Corangamite – Australia 2019

LIB 0.02%

Incumbent MP
Sarah Henderson, since 2013.

Geography
South-western Victoria. Corangamite covers suburbs on the southern fringe of Geelong and then extends as far west as Colac. As well as parts of Greater Geelong, Corangamite covers all of Surf Coast, Colac Otway and Queenscliff councils, as well as a majority of Golden Plains Council. The main towns outside of Geelong are Ocean Grove, Torquay, Colac and Winchelsea.

Redistribution
The seat of Corangamite shifted to the east, taking in the Bellarine peninsula from Corio. Corangamite lost the southern Geelong suburbs of Belmont, Highton and Wandana Heights to Corio, and lost rural areas on its western edge, including Colac, to Wannon. These changes reduced the Liberal margin from 3.1% to a very slim 0.02%.

History
Corangamite was an original federation division, and a seat which changed hands often in early years, before becoming a solid conservative seat in the latter half of the 20th century.

It’s first member was Chester Manifold of the Protectionists, but he retired due to ill-health at the 1903 election and the seat was won by Grafton Wilson for the Free Traders. Wilson was defeated in 1910 by the ALP’s James Scullin, who held the seat for one term before being defeated by former member Manifold, who returned to contest the seat for the Liberals. Manifold, whose son, Sir Chester, was a state MP and a famed horse-breeder and racing administrator, held the seat until he died at sea in 1918.

The December 1918 by-election saw the first use of preferential voting for the federal parliament. Scullin returned to contest the seat for the ALP, and topped the primary vote, but was comfortably defeated on preferences by the Victorian Farmers Union’s William Gibson. Scullin would subsequently win the seat of Yarra in 1922 and serve as Prime Minister from 1929-32.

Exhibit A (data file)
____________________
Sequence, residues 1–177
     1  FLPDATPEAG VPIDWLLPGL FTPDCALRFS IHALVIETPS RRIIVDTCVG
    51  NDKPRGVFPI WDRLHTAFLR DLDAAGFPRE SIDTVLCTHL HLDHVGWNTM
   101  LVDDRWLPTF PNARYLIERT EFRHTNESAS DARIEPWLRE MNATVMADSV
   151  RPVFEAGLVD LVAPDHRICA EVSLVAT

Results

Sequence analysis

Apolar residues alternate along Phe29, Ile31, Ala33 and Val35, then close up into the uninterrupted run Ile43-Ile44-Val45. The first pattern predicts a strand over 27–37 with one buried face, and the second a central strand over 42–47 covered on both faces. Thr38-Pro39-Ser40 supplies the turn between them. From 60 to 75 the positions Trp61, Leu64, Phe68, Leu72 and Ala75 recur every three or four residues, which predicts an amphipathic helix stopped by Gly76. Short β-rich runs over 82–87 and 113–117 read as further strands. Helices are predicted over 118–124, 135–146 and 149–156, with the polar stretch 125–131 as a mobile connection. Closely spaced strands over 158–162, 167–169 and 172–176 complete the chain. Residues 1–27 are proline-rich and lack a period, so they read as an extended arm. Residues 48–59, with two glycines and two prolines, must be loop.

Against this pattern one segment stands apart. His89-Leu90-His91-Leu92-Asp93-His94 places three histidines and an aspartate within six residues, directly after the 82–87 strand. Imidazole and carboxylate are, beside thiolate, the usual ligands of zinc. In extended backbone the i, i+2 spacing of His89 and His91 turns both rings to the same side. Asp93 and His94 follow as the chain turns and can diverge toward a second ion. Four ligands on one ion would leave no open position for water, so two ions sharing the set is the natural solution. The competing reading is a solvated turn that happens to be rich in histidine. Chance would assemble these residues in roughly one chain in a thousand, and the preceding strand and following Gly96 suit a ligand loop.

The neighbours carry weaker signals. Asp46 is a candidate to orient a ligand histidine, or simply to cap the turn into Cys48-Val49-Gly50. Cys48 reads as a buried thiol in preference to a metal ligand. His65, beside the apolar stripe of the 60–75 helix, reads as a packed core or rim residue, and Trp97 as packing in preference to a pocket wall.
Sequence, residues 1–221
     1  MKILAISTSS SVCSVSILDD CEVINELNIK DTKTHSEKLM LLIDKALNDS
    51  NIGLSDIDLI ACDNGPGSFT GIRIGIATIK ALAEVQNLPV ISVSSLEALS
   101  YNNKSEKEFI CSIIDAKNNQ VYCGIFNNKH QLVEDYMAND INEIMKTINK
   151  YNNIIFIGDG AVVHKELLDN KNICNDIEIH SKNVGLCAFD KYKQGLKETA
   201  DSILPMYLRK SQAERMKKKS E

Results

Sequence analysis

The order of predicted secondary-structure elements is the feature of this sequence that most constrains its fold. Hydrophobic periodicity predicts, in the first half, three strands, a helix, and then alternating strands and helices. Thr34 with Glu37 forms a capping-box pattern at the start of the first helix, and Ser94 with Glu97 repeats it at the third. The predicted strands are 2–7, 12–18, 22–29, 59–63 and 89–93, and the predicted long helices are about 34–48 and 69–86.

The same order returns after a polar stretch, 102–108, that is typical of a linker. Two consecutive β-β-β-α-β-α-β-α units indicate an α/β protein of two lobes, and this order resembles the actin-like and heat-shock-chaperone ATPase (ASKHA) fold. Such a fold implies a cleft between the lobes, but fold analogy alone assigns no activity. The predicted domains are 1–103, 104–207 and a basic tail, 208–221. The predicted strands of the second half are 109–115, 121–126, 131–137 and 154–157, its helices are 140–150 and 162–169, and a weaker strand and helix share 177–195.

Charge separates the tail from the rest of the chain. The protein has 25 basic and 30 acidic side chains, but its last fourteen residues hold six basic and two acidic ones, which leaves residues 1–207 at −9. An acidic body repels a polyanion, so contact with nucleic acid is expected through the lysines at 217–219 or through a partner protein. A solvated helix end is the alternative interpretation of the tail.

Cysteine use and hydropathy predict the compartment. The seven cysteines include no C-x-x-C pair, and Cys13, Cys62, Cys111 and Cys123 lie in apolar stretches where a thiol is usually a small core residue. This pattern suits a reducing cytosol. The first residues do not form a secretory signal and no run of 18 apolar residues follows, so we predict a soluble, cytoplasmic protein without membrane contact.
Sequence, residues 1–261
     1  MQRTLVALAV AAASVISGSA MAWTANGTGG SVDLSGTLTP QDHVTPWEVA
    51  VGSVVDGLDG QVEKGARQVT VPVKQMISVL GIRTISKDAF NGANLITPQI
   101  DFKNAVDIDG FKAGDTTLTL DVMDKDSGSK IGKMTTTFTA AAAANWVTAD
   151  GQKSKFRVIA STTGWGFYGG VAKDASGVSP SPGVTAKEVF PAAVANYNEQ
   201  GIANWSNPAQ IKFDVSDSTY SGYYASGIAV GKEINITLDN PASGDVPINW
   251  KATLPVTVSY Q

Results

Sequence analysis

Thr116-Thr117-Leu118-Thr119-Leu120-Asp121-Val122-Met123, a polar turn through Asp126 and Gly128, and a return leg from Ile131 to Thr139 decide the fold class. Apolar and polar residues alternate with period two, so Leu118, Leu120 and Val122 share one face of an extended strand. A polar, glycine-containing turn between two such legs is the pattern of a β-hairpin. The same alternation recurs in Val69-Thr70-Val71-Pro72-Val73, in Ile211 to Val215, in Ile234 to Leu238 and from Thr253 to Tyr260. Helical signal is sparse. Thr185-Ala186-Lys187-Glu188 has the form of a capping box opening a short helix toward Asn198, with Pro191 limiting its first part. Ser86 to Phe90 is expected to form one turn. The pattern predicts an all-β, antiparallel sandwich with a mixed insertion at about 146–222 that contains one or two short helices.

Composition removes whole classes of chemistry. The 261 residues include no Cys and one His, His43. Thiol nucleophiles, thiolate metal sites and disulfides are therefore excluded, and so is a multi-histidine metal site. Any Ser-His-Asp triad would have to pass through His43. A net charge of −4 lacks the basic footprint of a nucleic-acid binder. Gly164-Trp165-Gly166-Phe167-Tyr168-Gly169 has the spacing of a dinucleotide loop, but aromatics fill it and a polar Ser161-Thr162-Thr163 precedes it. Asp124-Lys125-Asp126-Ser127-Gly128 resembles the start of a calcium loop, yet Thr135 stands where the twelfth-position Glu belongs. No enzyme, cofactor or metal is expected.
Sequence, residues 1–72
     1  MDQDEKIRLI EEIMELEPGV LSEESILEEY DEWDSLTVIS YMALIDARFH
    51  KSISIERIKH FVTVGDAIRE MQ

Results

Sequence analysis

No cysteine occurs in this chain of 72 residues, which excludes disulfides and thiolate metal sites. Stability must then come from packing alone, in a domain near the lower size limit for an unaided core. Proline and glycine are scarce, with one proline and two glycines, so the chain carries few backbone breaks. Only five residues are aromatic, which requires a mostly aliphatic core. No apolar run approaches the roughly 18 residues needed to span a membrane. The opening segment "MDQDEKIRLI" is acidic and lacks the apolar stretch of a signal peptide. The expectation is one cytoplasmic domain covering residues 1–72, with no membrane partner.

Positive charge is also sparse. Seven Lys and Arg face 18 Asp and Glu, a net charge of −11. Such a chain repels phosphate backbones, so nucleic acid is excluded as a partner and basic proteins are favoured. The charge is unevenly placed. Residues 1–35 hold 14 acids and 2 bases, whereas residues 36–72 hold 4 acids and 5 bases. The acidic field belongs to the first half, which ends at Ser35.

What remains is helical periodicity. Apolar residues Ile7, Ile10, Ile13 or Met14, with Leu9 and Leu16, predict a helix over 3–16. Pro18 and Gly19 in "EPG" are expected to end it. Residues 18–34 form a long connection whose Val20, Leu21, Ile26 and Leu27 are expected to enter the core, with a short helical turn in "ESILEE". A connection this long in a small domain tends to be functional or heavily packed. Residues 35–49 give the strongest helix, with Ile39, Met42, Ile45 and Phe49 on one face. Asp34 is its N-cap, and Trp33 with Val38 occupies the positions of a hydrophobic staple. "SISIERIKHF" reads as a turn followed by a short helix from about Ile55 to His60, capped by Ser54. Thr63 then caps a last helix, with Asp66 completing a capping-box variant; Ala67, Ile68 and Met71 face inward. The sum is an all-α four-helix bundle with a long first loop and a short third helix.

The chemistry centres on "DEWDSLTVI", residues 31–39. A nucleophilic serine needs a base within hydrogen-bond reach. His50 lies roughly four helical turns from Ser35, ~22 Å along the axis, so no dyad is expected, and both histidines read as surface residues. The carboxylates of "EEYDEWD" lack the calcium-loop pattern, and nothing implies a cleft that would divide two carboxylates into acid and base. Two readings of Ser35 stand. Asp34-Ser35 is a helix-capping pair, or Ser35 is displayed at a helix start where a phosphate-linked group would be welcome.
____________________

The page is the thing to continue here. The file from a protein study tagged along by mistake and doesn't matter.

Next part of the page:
Gibson held the seat for the Country Party, serving as Postmaster-General and Minister for Works and Railways until his defeat in 1929 by Labor’s Richard Crouch, who had previously been a Protectionist/Liberal MP for Corio from 1901-1910. Crouch then lost to Gibson in 1931, who served one more term before winning election to the Senate in 1934.

Geoffrey Street of the UAP, who would serve as Defence Minister in Menzies’ first government, won Corangamite in 1934 and held it until his death, along with two other ministers, in a plane crash in 1940.

Allan McDonald, a former state MP, won the seat for the UAP in 1940, and quickly became a minister in the Menzies government. He unsuccessfully contested the UAP leadership in 1941 and 1943, and remained on the backbench when the Liberals returned to power in 1949. He died in 1953, and was succeeded by Daniel Mackinnon, who had previously been MP for Wannon.

Mackinnon retired in 1966, and was succeeded by Tony Street, son of the former member Geoffrey, who served as a minister in various portfolios in the Fraser government and subsequently retired in early 1984.

Stewart McArthur won the seat in 1984, and held it until defeated by the ALP’s Darren Cheeseman in 2007. Cheeseman was re-elected in 2010, and lost to Liberal candidate Sarah Henderson in 2013. Henderson was re-elected in 2016.

Candidates

  • Libby Coker (Labor)
  • Sarah Henderson (Liberal)
  • Assessment
    Corangamite is incredibly marginal and could go either way.

    2016 result

    CandidatePartyVotes%SwingRedist
    Sarah Henderson Liberal 45,68746.4-1.843.7
    Libby Coker Labor 30,26730.8-1.334.1
    Patchouli Paterson Greens 11,27311.5-0.412.1
    Patrice NelsonDerryn Hinch’s Justice Party3,0393.1+3.12.3
    Alan BarronFamily First1,9061.9+1.01.3
    Andy MeddickAnimal Justice1,7391.8+1.82.2
    Michael LawrenceIndependent1,5191.5+1.51.1
    Courtney DaltonDrug Law Reform1,2691.3+1.30.9
    Louis RoweLiberal Democrats8710.9+0.90.6
    Nick SteelRise Up Australia8470.9+0.61.2
    Others0.6
    Informal5,1815.0

    2016 two-party-preferred result

    CandidatePartyVotes%SwingRedist
    Sarah Henderson Liberal 52,29153.1-0.850.0
    Libby Coker Labor 46,12646.9+0.850.0

    Booth breakdown